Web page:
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With the first ever national democracy week fast approaching, how can we encourage more young people to engage in national and local elections

July 5, 2018 5:00 PM
By Gary Fuller in Folkestone Herald - Talking Points

Gary FullerThere are three issues preventing young people from engaging in politics and elections. These are opportunity, trust and access. Young people are denied the opportunity to vote between the ages of sixteen and eighteen, for example. The vote should be extended to this group so they can vote at the same age at which they can contribute to society.

Young people are also denied the opportunity to vote if they are registered at their home address while studying at university and fail to register at their student address. A solution that allows students to participate no matter where they are registered should be investigated, as well as developing a focus on signing young people up to the register.

Where participation is concerned young people are denied the opportunity to stand for election for a number of reasons. The first reason for this is the financial cost of standing for Parliament, including the deposit. Another reason is that the time commitment does not fit well with building a career. A solution is job sharing and removing the deposit for Parliamentary elections.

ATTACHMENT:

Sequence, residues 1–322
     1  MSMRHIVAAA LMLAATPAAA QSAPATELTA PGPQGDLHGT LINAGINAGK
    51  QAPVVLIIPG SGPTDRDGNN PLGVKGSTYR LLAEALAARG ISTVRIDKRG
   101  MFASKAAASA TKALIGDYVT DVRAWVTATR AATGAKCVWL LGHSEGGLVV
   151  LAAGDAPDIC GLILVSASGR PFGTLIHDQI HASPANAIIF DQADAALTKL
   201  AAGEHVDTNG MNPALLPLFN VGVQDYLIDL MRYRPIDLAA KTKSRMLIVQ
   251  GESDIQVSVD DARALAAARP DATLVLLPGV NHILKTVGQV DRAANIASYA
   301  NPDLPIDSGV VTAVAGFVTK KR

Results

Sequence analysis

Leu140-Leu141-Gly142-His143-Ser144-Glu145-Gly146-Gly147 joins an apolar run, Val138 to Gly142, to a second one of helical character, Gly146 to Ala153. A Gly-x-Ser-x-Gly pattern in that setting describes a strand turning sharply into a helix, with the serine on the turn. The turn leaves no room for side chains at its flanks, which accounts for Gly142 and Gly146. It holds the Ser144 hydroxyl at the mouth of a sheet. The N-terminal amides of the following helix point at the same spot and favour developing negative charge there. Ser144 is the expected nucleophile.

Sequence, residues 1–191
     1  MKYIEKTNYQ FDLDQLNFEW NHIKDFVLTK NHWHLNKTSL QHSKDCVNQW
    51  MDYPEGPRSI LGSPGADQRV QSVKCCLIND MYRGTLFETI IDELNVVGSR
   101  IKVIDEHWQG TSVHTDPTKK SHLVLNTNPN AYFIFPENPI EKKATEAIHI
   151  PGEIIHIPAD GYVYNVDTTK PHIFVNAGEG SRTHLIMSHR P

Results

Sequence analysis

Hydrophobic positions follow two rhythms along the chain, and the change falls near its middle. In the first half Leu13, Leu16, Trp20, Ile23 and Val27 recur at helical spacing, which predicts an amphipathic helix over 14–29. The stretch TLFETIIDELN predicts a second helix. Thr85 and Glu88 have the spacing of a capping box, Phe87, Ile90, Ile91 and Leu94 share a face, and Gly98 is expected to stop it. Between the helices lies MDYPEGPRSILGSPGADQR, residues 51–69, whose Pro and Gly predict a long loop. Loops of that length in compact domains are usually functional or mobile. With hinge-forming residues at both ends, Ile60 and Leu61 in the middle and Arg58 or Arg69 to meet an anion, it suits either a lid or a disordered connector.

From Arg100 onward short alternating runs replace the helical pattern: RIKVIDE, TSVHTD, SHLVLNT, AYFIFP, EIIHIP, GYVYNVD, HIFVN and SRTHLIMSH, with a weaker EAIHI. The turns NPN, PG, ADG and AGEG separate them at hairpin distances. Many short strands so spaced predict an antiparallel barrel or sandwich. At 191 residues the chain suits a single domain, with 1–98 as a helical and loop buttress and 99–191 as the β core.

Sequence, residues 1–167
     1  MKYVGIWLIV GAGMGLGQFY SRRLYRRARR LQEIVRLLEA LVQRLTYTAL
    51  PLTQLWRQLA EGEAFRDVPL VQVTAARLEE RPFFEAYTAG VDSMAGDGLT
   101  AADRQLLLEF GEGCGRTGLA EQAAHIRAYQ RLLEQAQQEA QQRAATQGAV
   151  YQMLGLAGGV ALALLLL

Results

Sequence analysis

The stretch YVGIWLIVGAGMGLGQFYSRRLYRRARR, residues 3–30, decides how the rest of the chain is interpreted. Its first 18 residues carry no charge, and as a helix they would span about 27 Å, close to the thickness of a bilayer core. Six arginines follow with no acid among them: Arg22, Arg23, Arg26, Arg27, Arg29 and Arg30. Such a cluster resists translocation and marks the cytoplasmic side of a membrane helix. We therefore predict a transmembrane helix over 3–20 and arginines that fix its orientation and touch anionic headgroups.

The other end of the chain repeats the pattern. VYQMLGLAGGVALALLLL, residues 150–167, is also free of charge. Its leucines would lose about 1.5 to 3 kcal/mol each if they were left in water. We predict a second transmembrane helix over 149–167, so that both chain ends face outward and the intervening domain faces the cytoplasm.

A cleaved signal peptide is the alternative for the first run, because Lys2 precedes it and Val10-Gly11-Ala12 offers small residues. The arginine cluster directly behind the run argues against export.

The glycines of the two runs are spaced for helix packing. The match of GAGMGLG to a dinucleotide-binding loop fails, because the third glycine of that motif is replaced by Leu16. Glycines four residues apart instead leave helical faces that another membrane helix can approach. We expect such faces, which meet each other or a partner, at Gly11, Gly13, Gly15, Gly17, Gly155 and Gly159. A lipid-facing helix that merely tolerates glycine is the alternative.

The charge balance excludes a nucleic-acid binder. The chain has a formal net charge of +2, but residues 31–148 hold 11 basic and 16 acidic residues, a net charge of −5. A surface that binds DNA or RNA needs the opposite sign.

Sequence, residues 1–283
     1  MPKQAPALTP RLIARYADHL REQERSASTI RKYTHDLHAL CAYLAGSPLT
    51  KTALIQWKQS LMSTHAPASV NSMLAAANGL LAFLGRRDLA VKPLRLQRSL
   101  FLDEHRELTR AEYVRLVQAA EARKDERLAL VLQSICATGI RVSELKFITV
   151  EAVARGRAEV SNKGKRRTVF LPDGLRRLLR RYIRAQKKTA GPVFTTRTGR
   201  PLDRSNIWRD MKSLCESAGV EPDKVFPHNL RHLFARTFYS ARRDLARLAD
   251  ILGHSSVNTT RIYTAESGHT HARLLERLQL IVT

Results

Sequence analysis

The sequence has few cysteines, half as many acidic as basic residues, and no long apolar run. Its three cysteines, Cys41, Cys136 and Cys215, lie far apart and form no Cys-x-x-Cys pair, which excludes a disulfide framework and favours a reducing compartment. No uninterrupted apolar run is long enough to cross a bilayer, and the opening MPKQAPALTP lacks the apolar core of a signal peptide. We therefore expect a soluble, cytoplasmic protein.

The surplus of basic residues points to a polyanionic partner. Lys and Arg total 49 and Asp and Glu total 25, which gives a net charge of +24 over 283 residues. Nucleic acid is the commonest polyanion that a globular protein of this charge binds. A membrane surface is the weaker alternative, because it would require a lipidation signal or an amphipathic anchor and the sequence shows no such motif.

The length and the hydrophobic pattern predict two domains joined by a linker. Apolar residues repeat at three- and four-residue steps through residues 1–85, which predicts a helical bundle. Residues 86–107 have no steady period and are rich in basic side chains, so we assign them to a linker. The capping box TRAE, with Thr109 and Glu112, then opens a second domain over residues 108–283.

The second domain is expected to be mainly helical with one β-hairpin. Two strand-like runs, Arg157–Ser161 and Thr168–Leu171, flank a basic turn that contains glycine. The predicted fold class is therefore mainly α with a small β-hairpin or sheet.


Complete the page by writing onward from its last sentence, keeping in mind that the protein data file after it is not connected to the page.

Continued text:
Trust is a key issue in politics, which acts as a barrier to young people taking an interest. The presence of big money donors, not to mention our outdated electoral system, is off-putting to young and old alike. The solution to this is to impose maximum donation limits, to introduce proportional representation for all elections and to reform the House of Lords.

The final issue is access. Politicians have embraced Facebook and Twitter as channels for publicising their work. Only very rarely do they use social media to listen to young people however, and they are often in the wrong place when they attempt to do so. Politicians therefore need to work with young people to start a genuine conversation.